“In not too distant a future,” hopes Arun Dutt, the legend’s son and director of Guru Dutt Films Private Limited.
Arun who came to Jaipur on Friday to inaugurate the 2nd Jaipur International Film Festival said the digitisation and colourisation process was already underway. “I wish it may be released tomorrow but since the colourisation needs to be done with perfect care, it is hard to predict the time it may take,” he said.
He hopes the coloured version of Sahib Bibi Ghulam will be as successful as Mughal-e-Azam but the original black and white prints which have its own nostalgic value will also be preserved.
Quite resembling his father, very modest and courteous, Arun, who lost his talented father at a very early age, feels film production was not his cup of tea. It makes him sad to recall that film critics never did a fair appraisal of his father’s movies when he was alive. His contribution was realised and recognised only when his films were screened in France in 1980s. Like Rabindranath Tagore, his own people noticed his art after the West applauded it, he told Deccan Herald.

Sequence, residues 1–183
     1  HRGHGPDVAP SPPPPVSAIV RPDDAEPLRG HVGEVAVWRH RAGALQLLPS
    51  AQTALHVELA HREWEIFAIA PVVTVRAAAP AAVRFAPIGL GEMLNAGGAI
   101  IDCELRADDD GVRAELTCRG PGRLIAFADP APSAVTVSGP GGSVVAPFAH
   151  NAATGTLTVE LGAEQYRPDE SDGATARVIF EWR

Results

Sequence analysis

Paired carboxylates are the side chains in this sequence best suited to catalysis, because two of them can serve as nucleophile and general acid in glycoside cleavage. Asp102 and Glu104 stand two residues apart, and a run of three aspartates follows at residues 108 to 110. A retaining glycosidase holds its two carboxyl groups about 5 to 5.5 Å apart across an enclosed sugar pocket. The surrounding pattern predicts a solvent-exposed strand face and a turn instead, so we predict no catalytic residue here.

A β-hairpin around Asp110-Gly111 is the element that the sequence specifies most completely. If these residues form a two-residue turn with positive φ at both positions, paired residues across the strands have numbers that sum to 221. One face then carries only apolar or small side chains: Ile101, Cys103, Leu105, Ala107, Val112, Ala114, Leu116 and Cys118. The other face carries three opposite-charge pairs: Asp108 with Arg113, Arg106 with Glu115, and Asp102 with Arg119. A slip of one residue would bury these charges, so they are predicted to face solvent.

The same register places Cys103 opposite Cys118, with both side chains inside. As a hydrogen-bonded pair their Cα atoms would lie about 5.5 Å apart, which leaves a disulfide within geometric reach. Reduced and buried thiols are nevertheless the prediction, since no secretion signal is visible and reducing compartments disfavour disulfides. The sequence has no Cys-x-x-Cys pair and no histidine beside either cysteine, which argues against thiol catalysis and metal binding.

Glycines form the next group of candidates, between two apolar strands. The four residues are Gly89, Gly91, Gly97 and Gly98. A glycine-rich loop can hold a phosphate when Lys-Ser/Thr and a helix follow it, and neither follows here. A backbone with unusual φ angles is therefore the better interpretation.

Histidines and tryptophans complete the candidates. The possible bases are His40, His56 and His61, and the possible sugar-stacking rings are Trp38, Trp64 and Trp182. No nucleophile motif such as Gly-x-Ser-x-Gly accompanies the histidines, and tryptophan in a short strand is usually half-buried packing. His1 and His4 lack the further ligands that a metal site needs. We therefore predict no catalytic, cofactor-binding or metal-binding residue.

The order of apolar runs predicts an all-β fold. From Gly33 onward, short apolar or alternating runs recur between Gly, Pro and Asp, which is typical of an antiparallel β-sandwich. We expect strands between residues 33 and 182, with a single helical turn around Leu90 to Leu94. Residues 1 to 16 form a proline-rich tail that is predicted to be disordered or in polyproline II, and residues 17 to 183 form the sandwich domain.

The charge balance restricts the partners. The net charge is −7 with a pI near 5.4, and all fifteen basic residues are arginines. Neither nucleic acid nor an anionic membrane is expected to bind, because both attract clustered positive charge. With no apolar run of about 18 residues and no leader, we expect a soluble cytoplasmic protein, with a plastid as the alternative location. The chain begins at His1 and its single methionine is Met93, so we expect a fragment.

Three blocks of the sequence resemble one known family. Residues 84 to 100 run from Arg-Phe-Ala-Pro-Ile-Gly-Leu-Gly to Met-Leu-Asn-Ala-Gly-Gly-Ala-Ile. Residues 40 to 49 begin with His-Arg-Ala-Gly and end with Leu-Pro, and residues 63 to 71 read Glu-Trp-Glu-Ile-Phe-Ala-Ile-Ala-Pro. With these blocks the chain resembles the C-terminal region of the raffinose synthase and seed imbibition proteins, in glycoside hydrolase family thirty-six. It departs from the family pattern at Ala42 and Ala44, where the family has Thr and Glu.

Film making in Guru Dutt’s days was quite difficult and full of challenges, he feels. It was a blessing in disguise perhaps for one worked hard on innovative ideas, something which has left on technology now. When cinematographer V K Murthy and Guru Dutt got together to film Waqt ne kiya kya haseen sitam, the innovative idea of having a glass roof was created to reflect sun through a mirror for the special effect, he recalled.
Arun is part of the technical committee at the National Film Archives in Pune, working on restoration of 1,000 films and documentaries.
“It is quite an ambitious project that aims to digitise old movies and documentaries, as old as 1913,” he said.
Digitisation is an expensive proposition requiring nearly Rs 35-40 lakhs for each film, he added.